Evidence that L2 production training can enhance perceptionJournal of Academic Language & Learning
AbstractIt is often readily accepted that perception precedes production in second language acquisition. According to Flege’s (1995) Speech Learning Model and Broselow and Park’s (1995) Split Parameter Setting Hypothesis, accurate second language (L2) perception necessarily precedes accurate L2 production. This paper examines whether, contrary to that assumption, production can inform perception, whether training in the production of problematic L2 sounds can enhance perception of those sounds. Participants were 46 Arabic speaking learners of English and took part in a between-groups experiment. They were assigned to either an articulatory training or focused exposure condition for learning three problematic English contrasts: /æ, ʌ/, /ɜ, ɔ/ and /g, ʤ/. Performance on pre-, post- and post-post-condition perceptual discrimination tests was used to assess participants’ improvement in ability to perceptually discriminate the sounds after training in production or after focused aural exposure. Results point to the efficacy of the articulatory training, and thereby provide strong evidence that production can inform perception and that L2 acquisition can be facilitated through targeted training in articulation.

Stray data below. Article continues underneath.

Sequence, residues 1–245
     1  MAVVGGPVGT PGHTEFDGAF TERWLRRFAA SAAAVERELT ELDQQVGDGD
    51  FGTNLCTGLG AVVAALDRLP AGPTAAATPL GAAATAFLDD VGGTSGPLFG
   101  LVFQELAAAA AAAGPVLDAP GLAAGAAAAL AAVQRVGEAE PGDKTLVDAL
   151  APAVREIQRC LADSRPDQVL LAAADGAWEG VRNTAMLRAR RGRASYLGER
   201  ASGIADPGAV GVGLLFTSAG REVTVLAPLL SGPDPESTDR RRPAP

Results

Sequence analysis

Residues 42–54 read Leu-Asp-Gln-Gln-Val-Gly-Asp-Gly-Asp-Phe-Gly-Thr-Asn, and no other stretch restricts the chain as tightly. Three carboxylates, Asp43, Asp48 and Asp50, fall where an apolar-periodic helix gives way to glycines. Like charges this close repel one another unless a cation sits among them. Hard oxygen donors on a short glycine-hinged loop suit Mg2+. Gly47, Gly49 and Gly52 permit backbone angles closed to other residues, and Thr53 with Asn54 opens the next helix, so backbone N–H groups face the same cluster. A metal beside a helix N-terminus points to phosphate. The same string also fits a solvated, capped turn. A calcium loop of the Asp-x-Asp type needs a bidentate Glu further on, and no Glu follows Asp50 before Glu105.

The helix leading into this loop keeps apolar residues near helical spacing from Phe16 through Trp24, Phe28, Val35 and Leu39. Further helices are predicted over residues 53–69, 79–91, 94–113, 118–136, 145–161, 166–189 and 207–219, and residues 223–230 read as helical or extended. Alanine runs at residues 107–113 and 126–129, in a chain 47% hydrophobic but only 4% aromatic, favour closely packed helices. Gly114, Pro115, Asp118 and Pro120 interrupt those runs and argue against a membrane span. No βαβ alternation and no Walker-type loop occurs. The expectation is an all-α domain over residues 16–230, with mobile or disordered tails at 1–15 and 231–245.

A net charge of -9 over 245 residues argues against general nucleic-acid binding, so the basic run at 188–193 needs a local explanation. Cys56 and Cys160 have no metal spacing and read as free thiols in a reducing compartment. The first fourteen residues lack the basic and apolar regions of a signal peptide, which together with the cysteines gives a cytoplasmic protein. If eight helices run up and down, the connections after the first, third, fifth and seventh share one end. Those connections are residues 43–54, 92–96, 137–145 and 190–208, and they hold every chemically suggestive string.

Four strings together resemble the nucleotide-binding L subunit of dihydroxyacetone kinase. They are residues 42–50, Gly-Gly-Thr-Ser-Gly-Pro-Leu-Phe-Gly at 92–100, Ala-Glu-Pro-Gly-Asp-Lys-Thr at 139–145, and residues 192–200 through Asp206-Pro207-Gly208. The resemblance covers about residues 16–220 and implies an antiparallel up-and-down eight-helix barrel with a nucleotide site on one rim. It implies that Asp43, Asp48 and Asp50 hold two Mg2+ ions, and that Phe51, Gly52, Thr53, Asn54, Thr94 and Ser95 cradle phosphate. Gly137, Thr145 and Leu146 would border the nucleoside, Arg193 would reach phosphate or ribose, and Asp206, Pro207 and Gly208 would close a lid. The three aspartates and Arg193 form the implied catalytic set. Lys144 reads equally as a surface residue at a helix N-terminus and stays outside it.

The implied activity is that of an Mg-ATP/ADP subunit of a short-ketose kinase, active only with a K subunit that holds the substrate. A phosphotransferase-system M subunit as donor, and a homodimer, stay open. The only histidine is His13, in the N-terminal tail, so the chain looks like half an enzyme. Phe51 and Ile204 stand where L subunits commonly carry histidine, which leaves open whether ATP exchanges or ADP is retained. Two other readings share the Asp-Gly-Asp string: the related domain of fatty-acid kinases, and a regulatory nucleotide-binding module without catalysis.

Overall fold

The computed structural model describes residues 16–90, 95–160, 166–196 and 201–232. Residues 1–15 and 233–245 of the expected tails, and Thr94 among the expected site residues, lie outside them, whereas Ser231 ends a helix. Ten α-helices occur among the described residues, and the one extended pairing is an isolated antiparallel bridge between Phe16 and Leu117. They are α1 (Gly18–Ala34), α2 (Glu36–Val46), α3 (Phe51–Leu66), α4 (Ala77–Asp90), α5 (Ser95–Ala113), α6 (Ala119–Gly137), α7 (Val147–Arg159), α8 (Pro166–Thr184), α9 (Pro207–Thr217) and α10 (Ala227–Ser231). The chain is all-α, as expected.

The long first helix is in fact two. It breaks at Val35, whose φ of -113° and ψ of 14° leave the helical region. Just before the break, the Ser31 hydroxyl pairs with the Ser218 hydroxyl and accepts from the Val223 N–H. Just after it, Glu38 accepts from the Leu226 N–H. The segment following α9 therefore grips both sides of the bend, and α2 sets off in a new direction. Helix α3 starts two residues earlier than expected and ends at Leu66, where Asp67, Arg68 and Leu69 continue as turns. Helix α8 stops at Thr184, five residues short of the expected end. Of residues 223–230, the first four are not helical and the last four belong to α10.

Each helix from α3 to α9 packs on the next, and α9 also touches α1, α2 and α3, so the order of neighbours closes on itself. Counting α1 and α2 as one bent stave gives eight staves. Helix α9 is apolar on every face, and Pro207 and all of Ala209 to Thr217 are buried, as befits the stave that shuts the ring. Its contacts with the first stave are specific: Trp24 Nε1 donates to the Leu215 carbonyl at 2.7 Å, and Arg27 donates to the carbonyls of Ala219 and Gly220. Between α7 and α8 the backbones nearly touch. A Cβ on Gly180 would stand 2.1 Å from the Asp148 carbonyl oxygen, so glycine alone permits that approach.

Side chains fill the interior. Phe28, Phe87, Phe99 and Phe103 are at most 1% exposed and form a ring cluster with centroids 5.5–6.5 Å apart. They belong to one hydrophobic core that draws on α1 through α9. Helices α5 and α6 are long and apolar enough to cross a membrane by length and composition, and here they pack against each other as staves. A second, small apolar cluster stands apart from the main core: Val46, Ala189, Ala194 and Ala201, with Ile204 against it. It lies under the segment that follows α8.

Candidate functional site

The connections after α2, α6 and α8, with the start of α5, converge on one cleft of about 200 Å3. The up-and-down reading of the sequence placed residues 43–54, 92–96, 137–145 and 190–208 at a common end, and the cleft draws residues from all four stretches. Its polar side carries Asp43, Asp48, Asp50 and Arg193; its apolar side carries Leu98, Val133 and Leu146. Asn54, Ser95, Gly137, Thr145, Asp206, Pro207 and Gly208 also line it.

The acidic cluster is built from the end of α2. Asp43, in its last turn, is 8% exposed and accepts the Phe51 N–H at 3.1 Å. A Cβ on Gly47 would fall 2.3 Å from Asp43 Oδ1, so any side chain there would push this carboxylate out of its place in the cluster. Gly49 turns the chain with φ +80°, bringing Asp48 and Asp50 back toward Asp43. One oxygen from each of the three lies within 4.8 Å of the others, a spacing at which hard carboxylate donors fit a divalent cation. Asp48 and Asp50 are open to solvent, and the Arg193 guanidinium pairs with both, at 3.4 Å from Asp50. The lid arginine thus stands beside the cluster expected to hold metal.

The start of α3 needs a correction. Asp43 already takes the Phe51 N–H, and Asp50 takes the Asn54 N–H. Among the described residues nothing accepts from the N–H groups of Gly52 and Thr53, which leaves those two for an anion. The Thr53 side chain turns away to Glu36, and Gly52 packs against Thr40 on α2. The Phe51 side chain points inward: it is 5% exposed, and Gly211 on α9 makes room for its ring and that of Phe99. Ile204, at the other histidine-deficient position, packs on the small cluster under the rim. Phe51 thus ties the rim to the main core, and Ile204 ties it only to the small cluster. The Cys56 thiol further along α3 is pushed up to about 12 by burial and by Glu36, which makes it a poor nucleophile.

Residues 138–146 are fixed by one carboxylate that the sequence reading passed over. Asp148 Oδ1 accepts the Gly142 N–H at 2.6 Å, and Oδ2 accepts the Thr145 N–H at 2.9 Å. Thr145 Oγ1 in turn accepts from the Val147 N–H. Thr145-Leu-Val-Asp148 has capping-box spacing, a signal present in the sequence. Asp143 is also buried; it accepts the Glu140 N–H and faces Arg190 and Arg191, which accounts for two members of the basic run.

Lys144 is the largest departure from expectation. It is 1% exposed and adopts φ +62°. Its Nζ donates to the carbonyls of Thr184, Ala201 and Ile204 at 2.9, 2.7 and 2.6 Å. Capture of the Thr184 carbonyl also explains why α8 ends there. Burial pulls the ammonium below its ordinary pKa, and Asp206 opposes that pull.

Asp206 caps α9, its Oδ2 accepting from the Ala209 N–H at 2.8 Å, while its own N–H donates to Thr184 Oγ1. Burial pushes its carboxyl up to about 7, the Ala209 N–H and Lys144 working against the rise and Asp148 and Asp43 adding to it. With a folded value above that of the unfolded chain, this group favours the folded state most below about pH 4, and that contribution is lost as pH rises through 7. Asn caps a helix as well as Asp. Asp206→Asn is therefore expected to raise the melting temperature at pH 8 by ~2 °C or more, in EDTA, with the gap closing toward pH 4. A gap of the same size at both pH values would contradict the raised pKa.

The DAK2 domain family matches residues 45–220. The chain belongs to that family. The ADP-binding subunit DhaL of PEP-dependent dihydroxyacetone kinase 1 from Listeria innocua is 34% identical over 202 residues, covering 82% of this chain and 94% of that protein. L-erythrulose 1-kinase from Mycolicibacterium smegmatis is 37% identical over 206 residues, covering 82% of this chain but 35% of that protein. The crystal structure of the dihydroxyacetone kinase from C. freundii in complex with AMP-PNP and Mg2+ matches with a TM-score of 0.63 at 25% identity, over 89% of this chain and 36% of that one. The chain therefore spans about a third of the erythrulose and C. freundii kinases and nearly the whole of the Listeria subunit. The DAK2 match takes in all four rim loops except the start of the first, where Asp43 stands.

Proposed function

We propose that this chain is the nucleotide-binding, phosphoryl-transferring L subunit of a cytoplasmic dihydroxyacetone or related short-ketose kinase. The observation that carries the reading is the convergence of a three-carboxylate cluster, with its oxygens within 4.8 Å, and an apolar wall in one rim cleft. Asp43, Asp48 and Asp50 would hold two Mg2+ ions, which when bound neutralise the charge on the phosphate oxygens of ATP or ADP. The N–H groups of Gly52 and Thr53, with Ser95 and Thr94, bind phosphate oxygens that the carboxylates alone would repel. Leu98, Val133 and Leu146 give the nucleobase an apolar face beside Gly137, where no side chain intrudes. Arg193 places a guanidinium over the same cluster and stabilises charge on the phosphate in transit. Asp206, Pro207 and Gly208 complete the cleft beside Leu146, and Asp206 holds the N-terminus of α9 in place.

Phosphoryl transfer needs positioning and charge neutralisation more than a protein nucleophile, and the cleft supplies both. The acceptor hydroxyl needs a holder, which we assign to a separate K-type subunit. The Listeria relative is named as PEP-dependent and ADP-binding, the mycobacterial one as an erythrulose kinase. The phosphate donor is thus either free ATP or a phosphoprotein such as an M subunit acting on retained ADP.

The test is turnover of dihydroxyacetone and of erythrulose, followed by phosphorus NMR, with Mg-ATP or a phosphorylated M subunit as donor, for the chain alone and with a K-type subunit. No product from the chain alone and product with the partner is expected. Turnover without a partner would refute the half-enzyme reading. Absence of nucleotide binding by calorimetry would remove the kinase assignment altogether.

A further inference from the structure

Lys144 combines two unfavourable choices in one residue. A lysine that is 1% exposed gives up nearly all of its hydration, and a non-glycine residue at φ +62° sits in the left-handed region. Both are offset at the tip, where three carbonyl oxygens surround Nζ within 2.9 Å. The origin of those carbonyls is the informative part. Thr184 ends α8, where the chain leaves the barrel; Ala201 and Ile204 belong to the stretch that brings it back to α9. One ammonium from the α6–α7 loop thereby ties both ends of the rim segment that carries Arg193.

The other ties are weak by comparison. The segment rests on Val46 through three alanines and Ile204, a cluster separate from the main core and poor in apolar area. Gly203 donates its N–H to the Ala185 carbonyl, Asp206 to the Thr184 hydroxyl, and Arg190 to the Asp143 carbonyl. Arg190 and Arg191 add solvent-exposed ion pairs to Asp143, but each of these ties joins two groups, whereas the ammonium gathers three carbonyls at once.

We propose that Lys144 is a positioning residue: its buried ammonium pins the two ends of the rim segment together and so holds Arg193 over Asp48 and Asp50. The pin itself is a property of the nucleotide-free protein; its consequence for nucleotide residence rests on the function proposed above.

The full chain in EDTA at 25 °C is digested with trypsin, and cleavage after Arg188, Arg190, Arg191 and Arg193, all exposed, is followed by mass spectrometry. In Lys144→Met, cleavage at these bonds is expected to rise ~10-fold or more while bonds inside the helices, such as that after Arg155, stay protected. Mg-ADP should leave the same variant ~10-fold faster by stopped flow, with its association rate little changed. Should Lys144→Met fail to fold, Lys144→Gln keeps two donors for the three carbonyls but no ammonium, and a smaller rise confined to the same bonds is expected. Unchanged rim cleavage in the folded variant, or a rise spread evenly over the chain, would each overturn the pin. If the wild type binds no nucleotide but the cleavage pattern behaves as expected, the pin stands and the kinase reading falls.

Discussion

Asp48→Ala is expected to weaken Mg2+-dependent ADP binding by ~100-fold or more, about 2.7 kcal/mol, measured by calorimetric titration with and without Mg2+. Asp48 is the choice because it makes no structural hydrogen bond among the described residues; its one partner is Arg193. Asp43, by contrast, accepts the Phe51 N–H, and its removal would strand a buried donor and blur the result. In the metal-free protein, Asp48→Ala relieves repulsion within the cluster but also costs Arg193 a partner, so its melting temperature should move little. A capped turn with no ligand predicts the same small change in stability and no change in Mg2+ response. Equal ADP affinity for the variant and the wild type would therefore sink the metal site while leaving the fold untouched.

Linebaugh, G & Roche, T 2015, 'Evidence that L2 production training can enhance perception', Journal of Academic Language & Learning, vol. 9, no. 1, pp. A1-A17.